Mobile Crane Trends
COVID-19 INDUSTRY BRIEF
Effects of the coronavirus pandemic on the mobile crane industry Updated August 26, 2020
- Market Dynamics: The primary external factor affecting the mobile crane market is construction—both residential and private non-residential, with steel prices and the state of several key industries such as oil and gas markets also having a material impact.
- COVID-19 Impacts: Beginning in March 2020, the response to the COVID-19 pandemic included widespread lockdown mandates and travel restrictions. As a result, the primary external factor affecting the mobile crane market – construction (both residential and private nonresidential) – experienced an abrupt and significant decrease in activity as many projects were paused, postponed, or canceled. Industry projections updated as of May 2020 for construction output anticipate a 6.6 percent drop for 2020, as compared to the slight (0.6 percent) rise that was expected prior to the COVID-19 pandemic, according to information published by American Cranes and Transport.
- Stimulus Bill Status: Growth for the industry is partially dependent upon passage of the “Moving Forward Act,” which is a $1.5 trillion infrastructure and stimulus bill. After House passage on July 1, the bill moved to the Senate where it faces an uncertain future. The Executive Office of the President’s Office of Management and Budget issued a Statement of Administration Policy on June 29 asserting that the Trump Administration opposes passage of the bill because it “is heavily biased against rural America,” “appears to be entirely debt-financed,” and “fails to tackle the issue of unnecessary permitting delays, which are one of the most significant impediments to improving our infrastructure.” If passed, it would likely have a positive impact on public construction spending related to roads and bridges, schools, housing, and other public transportation projects.
- Valuation Outlook: From a valuation perspective, the impact on mobile crane values will depend on how the construction marketplace weathers the ongoing pandemic in the medium to long term. In states that have experienced a second wave of shutdowns due to rising infection rates, the market will likely remain depressed or simply impacted by the logistics of trying to liquidate a crane while travel is limited. However, construction fundamentals and demand for mobile cranes will likely be stable in the aftermath of the crisis, as there is an expectation that there will be a snapback in this industry in all regions except the oil patch once the COVID-19 pandemic passes.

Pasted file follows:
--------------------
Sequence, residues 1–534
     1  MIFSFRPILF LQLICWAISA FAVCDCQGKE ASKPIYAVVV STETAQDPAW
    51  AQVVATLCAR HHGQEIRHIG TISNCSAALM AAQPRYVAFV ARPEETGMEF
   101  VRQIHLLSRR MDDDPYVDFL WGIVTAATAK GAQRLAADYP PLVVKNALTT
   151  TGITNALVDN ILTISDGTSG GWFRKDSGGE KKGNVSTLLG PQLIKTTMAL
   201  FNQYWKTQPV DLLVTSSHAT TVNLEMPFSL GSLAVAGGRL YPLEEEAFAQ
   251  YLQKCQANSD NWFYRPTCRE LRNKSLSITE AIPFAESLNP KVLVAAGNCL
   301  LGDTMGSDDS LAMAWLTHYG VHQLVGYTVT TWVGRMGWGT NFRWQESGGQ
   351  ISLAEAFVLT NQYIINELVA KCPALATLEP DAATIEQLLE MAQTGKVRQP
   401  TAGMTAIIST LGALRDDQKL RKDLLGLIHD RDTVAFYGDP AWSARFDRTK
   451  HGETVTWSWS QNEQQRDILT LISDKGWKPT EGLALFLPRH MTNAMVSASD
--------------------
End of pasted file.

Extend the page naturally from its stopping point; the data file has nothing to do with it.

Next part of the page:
Date October 2021
- The North American mobile crane market has rebounded in 2021 after experiencing a pandemic-driven depression in 2020.
- Demand for mobile cranes increased by the end of 2020 and remains strong as of the third quarter of 2021.
- Truck-mounted crane manufacturing revenue dropped 3.4% for the five-year period ending 2020. However, experts project revenue will grow 5% annually for the five-year period ending 2025.
- All-terrain cranes are in the highest demand, particularly those in the 100- to 250-ton range. Crawler cranes, which had decreased in popularity in recent years, are experiencing a resurgence in 2021 because of an increase in wind energy and industrial plant projects.
By the numbers
Back to Business: Decreased construction and oil and gas activity resulted in a substantial decrease in mobile crane market performance from mid- to late-2020. However, the market began to rebound by the end of 2020, proving the pandemic was more of a speed bump than a roadblock for the industry. Construction activity has been increasing throughout 2021, and the often-volatile oil and gas industry has stabilized since hitting historic lows in April 2020.
The $1.2 trillion Infrastructure Investment and Jobs Act passed by the Senate in August 2021 would add over $550 billion in domestic infrastructure spending, helping to spur the industry over the next five years. The $3.5 trillion Congressional Budget Resolution for 2022 passed by the House in August would further increase infrastructure spending.
Lingering effects of the pandemic like supply chain challenges and labor shortages continue to plague the industry as of the third quarter of 2021. Truck-mounted crane manufacturing revenue dropped 3.4% for the five-year period ending 2020. However, experts project revenue will grow 5% annually for the five-year period ending 2025, which aligns with early 2020 expectations.